There are 40 million family caregivers who need your help. These are the women and men caring for loved ones who can no longer do some of their own basic daily life activities, such as bathing, cooking meals or going to the bathroom. They are often unpaid and overwhelmed. (Alyssa Schukar/For The Washington Post)
Columnist

The holidays open our hearts in ways no other time of the year does. We generously give our time and money to the poor and others in need.

But there are 40 million family caregivers who also need your help. These are the women and men caring for loved ones who can no longer do some of their own basic daily life activities, such as bathing, cooking meals or going to the bathroom. They are often unpaid and overwhelmed. Many won't complain or call out for help despite drowning in their dutiful role as a caregiver.

We ask people who are struggling with caregiving responsibilities how we can assist them.

Yet that's just not good enough.

If you have a family member or friend who is a caregiver, watch "Help," a video that is part of the caregiving campaign by AARP and the Ad Council. You can find the video on YouTube. It was created pro bono by advertising agency Spike DDB, headed by iconic filmmaker Spike Lee.

In the video, a woman is finishing up a visit with a friend, who is being cared for by her husband. "Bye, Janet," she says. "It was nice seeing you again. You look good, girl."

Then the friend turns to the husband-caregiver before driving off and says, "Just let me know what I can do to help."

This is what we say when we don’t know what to do.

In the next scene in the video, which is just over a minute long, the husband faces the camera. What follows brilliantly captures the challenge of being a caregiver.

“Well, to help me, she’d have to help every day,” the husband says. "Every hour. Every ‘ouch.’ Every time my wife calls for help. I mean, maybe she could help make her lunch. But the crust — all the crust — has to be cut off the corners. She could help me run to the doctor for the fifth time this week. Help me with the specialists and the second opinions and the painful paperwork about paperwork.

"Help me deal with how hard it is seeing my wife's name on so much paperwork. But this is on me. I am the only one that can do this, like this, for her. Besides, Janet doesn't like her cooking anyway."

The announcer in a voice-over tells people to visit AARP.org/caregiving or call (877) 333-5885 for support.

I’ve been hearing from so many caregivers, and their stories both inspire and break my heart. They are unsung heroes and heroines caring for one or sometimes both parents.

There was Dorothy, whose father came to live with her family after his wife died. He could no longer live alone because of his memory loss. She found a daytime program where her father could go while she worked from home.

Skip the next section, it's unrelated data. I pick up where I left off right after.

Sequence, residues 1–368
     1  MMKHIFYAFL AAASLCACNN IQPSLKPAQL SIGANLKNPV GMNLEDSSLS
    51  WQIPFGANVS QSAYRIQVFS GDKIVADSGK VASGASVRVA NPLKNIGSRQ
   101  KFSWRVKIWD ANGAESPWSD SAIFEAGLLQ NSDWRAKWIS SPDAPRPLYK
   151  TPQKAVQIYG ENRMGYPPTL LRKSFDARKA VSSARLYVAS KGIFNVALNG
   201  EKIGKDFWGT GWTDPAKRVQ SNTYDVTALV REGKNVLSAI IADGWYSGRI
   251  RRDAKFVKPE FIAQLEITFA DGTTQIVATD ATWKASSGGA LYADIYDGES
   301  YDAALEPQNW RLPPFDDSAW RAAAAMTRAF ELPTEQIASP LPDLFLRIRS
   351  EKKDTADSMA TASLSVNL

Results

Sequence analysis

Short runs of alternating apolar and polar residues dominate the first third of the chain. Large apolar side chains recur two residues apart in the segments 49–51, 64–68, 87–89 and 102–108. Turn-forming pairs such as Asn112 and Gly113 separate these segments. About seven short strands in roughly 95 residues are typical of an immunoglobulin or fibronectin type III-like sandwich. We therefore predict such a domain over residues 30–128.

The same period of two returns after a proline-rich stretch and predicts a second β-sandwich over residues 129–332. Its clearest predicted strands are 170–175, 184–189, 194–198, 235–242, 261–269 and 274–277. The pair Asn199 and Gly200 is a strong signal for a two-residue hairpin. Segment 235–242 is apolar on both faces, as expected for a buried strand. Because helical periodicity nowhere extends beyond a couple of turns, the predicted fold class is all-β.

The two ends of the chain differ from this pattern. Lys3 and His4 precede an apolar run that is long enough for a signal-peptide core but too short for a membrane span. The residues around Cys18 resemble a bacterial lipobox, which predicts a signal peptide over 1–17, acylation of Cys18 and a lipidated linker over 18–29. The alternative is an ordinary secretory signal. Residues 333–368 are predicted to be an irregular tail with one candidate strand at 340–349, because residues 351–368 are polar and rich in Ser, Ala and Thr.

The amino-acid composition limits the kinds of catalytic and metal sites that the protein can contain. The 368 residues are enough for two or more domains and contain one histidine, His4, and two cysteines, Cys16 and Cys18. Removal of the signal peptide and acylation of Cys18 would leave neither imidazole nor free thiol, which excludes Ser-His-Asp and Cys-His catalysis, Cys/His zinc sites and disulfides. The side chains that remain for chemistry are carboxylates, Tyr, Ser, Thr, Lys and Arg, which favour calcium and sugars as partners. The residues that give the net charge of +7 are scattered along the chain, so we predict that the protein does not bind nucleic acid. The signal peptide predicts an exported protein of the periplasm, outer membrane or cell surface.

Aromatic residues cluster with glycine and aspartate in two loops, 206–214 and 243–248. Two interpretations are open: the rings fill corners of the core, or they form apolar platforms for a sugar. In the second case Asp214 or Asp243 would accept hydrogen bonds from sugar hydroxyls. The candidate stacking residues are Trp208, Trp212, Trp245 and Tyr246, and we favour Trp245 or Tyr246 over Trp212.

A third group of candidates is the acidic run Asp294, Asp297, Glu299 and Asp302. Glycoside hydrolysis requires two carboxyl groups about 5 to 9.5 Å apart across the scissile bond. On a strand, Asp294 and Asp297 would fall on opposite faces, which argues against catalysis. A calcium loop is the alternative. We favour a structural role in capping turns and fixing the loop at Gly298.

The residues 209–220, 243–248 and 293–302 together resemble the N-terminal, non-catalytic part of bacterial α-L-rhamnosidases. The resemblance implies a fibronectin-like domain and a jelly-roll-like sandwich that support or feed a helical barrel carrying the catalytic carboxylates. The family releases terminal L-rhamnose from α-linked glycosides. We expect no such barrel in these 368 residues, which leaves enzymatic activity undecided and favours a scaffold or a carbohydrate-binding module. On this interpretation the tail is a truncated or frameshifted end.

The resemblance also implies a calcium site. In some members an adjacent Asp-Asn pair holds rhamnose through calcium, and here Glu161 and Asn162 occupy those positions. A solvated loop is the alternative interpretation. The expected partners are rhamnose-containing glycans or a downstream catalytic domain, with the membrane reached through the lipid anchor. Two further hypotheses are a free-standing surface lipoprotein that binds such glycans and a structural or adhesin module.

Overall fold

“I discovered that buses were available for a small fee, and we shifted to putting him on the bus in the morning and making sure one of us was there to meet the bus and sign for him.”

Dorothy says she lost sleep and couldn't find the time to exercise. Her father eventually had to be moved to an assisted-living facility. He died a year ago at 91. "You've got to do what you've got to do, the best way you can."

Here's how to go beyond the platitude of "Just let me know what you need."

Ask with a plan. Don’t offer help like this: “I can come relieve you whenever you want.” Instead say, “I’m free on Wednesday from noon to 3 p.m. to give you some relief. Does that work for you?”

You may have to insist, but caregivers need a respite.

Listen for clues of how you can help. In the “Help” video, the husband described being a chauffeur and cook. Bring a meal. And sometimes just helping drop off and pick up at a doctor’s appointment is a big relief for a caregiver.

Share calendars. When you’re busy doing, you often don’t share what needs to be done. On AARP.org, search for “Apps to Help Caregivers Stay Organized.”

Help with the homework. Don’t say, “There are a lot of resources for caregivers.” Instead say, “I’ve researched some elder-care programs, and here’s a list.”

Use a holiday visit to assess what needs to be done. Come prepared not to be a guest but a surrogate caregiver. In a poll last year, AARP found that family caregivers want help during the holidays. Almost eight in 10 said it would be helpful to have someone to talk with who understands, 73 percent would like help with holiday tasks, and 72 percent would like help with holiday meals.

Let’s help caregivers change their internal dialogue. They shouldn’t have to go it alone.